Maryland Department of Natural Resources

Ray and Skate Fossils

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Plate XXVIII Figs. 1a, 1b. Squatina occidentals n. sp.

1) Outer face of tooth (type specimen) showing downward prolongation of the enamel below the base of crown. Plum Point.

1b) Inner face of the same specimen.

Fig. 2. Raja (?) dux Cope.
  2) Superior aspect of a detached and considerably abraded dermal tubercle. (Type specimen.) Charles County near the Patuxent River. Acad. Nat. Sci., Phila.
Figs. 3a, 3b. Myliobatus gigas Cope.
  3a) Oral surface of the upper dental pavement of an adult individual, the anterior end (shown uppermost in the figure) fractured and imperfect.
(Type specimen.) Charles County near the Patuxent River. Acad. Nat. Sci., Phila,

3b) Transverse view of the same specimen, taken across its posterior end
(at bottom of Fig. 3a)




Genus Squatina Dumeril.

      A single characteristic tooth of the "Angel-fish," Squatina, without lateral denticles and having a small median downward prolongation of the crown upon the front of the root below the large cone, was obtained by the Survey from the Calvert formation at Plum Point. The species appears to be distinct, and is interesting as being the first to be definitely recognized from this continent. It is probable, however, that the small undetermined teeth figured by Leidy in the Post-Pliocene Fossils of South Carolina (Plate XXV, FIgs. 9-13), also belong to Squatina.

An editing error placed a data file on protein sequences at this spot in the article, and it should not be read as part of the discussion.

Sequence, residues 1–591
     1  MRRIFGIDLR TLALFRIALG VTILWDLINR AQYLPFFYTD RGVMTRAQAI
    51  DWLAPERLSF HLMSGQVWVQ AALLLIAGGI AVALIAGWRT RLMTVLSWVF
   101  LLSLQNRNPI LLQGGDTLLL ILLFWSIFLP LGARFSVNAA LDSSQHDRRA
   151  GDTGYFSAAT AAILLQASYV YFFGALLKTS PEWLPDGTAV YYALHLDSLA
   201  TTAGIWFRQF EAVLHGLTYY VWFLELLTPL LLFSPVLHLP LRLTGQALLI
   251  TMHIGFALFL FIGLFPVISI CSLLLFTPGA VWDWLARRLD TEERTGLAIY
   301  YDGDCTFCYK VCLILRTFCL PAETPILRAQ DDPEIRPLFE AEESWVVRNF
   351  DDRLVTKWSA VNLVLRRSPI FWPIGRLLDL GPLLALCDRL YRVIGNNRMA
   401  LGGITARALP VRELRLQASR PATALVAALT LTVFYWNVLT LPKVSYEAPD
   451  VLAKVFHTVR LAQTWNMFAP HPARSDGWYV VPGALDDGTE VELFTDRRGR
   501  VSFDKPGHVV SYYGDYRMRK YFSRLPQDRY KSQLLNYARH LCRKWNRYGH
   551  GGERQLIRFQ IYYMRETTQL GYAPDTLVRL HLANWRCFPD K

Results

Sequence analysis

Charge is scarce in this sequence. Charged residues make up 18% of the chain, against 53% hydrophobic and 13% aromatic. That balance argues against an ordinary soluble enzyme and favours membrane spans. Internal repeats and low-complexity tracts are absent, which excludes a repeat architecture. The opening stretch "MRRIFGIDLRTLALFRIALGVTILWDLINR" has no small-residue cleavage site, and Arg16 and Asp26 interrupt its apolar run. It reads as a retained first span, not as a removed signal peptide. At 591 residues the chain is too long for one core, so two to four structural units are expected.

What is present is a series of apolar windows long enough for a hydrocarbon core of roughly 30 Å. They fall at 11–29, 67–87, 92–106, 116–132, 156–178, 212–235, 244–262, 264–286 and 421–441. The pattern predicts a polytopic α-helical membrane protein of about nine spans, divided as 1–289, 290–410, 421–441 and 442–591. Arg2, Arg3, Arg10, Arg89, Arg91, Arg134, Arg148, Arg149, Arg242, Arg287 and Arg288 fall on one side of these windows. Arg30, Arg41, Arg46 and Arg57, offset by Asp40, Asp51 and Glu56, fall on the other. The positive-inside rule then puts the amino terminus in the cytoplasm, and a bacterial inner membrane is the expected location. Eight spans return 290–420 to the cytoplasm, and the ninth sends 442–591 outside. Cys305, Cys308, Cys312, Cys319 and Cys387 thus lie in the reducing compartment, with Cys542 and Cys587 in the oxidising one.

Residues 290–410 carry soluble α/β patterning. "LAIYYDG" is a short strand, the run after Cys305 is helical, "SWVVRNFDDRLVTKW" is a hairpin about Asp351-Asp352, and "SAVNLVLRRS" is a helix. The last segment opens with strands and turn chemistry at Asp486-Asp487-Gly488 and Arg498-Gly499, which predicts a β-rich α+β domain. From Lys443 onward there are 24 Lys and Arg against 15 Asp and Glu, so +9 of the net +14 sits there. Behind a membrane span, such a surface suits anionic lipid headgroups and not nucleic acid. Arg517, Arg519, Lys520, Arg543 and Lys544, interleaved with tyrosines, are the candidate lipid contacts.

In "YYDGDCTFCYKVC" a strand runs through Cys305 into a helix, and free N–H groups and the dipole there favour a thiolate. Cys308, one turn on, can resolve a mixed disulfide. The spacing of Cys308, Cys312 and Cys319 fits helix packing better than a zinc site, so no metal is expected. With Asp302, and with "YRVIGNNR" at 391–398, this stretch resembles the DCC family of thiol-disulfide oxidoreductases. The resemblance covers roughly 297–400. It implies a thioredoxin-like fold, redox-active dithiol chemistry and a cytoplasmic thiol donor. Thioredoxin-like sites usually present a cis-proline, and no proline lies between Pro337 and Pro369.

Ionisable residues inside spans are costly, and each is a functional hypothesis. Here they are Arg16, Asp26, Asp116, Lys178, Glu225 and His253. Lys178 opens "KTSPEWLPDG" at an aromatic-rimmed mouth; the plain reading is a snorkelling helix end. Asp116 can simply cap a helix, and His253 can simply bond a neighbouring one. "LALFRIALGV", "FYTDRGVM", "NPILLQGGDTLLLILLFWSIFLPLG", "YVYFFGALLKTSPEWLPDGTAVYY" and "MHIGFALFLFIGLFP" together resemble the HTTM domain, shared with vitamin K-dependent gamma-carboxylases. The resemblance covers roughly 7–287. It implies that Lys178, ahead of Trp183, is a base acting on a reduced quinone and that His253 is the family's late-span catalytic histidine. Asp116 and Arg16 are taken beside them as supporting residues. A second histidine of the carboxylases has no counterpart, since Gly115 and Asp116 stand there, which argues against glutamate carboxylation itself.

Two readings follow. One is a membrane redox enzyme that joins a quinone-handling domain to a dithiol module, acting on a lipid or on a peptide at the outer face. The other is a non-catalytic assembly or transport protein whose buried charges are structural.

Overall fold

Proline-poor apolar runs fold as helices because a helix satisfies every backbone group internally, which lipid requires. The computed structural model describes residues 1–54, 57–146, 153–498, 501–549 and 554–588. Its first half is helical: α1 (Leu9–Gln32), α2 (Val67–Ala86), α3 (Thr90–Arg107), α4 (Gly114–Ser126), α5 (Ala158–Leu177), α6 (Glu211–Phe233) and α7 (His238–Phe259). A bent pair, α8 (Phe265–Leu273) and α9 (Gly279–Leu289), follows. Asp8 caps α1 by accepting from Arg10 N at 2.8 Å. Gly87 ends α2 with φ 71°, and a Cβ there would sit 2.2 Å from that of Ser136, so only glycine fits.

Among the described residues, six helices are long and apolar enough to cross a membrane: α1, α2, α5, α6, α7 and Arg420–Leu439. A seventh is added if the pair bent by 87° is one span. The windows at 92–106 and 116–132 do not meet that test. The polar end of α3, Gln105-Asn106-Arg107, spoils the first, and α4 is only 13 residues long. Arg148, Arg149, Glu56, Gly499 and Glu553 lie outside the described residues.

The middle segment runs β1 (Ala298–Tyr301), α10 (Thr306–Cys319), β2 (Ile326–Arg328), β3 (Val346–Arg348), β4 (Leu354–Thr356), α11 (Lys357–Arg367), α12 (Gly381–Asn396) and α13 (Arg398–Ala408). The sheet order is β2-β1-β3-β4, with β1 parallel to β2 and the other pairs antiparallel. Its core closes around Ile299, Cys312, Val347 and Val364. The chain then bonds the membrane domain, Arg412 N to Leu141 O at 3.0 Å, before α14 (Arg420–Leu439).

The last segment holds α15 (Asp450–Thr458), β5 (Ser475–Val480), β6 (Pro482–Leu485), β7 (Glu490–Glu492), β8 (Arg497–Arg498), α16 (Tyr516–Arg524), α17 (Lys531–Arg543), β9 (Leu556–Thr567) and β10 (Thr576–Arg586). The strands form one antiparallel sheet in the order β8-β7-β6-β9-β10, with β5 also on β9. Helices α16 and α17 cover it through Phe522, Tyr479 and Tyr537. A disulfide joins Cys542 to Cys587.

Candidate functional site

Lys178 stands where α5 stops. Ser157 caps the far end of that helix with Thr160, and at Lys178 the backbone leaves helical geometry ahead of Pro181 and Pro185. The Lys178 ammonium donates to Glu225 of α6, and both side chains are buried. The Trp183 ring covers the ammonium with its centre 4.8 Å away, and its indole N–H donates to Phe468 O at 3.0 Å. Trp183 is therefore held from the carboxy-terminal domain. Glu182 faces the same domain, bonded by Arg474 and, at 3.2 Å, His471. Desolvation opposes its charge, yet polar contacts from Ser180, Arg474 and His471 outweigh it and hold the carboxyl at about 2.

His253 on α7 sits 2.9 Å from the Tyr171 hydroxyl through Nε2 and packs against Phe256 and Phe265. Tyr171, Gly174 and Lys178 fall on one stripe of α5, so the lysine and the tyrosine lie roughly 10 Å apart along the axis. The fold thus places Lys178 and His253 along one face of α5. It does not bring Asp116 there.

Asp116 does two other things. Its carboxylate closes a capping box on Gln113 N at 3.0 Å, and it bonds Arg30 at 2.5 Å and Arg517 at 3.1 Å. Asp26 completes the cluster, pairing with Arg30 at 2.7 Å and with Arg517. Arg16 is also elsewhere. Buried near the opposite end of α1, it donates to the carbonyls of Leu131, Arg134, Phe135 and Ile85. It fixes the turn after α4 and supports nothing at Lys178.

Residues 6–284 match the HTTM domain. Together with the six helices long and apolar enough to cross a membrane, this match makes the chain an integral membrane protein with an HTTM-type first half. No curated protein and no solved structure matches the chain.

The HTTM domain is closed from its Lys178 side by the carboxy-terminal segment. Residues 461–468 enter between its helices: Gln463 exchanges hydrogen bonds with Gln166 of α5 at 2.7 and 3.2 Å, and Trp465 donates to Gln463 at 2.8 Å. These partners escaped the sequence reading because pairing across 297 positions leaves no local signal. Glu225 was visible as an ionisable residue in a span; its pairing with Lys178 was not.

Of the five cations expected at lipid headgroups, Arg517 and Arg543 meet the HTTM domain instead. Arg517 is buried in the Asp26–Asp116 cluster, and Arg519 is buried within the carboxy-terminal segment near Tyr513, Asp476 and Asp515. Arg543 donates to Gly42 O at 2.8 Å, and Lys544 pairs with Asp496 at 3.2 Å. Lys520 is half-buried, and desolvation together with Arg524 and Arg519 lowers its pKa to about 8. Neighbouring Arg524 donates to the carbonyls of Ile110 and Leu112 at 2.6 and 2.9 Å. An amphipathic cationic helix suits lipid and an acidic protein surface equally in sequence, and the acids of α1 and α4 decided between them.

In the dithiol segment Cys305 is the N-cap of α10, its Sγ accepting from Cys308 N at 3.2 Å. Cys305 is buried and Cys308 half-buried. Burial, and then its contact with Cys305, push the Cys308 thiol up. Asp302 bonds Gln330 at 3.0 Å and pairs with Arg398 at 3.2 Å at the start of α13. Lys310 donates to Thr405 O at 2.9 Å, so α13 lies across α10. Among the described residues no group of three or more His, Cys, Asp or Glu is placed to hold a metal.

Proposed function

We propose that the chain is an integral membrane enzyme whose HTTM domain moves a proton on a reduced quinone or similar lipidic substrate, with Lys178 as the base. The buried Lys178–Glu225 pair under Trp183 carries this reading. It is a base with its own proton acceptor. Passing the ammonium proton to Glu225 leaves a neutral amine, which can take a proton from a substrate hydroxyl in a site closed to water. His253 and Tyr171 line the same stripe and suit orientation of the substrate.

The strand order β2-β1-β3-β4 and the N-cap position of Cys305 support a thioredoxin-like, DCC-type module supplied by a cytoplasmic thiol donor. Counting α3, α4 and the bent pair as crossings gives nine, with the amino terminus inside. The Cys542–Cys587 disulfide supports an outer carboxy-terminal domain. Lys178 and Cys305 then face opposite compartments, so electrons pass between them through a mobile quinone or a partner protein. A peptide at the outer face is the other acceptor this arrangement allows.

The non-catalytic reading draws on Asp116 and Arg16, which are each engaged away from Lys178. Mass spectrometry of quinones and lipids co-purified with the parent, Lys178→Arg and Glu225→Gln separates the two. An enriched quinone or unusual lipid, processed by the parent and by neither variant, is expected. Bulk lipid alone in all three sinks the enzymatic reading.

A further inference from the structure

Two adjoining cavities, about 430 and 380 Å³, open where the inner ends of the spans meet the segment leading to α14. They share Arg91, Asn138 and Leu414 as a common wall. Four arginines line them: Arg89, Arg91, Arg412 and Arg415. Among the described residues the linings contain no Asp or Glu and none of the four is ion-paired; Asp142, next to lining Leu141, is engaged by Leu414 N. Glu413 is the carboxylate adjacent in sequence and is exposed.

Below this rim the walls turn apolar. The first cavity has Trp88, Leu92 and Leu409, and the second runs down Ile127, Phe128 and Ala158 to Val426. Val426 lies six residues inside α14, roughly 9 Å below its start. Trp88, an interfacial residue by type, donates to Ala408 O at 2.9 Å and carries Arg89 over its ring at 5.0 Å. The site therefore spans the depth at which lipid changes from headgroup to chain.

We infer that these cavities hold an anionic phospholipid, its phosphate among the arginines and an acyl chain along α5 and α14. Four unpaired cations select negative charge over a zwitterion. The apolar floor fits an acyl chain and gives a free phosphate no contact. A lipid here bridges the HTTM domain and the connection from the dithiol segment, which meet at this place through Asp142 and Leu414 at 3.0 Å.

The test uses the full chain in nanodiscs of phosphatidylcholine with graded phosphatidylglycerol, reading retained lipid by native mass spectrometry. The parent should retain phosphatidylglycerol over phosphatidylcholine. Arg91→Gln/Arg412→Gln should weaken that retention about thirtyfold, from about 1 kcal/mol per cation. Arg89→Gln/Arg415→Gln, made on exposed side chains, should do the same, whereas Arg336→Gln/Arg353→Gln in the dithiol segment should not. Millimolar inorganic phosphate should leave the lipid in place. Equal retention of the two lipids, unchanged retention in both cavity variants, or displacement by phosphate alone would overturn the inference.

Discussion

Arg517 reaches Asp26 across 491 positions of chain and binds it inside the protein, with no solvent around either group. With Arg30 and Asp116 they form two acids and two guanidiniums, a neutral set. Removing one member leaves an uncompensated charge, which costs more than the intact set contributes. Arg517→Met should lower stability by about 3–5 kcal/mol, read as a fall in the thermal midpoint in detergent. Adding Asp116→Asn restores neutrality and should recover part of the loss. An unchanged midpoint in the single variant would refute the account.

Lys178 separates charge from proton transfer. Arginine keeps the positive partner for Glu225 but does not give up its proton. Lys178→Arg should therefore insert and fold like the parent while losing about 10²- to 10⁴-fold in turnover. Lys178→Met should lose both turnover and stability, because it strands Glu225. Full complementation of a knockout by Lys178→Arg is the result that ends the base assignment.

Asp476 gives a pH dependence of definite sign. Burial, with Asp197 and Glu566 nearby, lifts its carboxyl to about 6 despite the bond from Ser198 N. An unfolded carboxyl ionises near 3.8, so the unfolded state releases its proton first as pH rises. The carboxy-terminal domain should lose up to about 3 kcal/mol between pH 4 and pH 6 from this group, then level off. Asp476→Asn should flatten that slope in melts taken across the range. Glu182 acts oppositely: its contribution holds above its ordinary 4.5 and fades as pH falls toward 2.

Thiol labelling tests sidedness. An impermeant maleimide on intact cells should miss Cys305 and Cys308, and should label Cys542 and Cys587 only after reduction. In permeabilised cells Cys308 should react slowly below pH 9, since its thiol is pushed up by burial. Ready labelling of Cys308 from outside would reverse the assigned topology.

Squatina occidentalis n. sp.

     Description.— Crown erect and comparatively stout, convex on both faces, and with sharp cutting edges. Enamel forming a blunt projection in front below the base of the crown, and extending as far as the lateral extremities of the root on the outer face. Root with a flat triangular inferior surface, and nutrient foramen situated in a slight median depression; upper surface of root elevated into a prominent transverse fold extending from the base of the crown to the innermost angle of the root. Total height of tooth in the type-specimen 6 mm.; length of base 9 mm.
     Occurrence.— Calvert formation. Plum Point.
     Collection.— Maryland Geological Survey.

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updated 3/2/05

(these web pages were prepared by R. D. Conkwright)

Squantina occidnetalis detail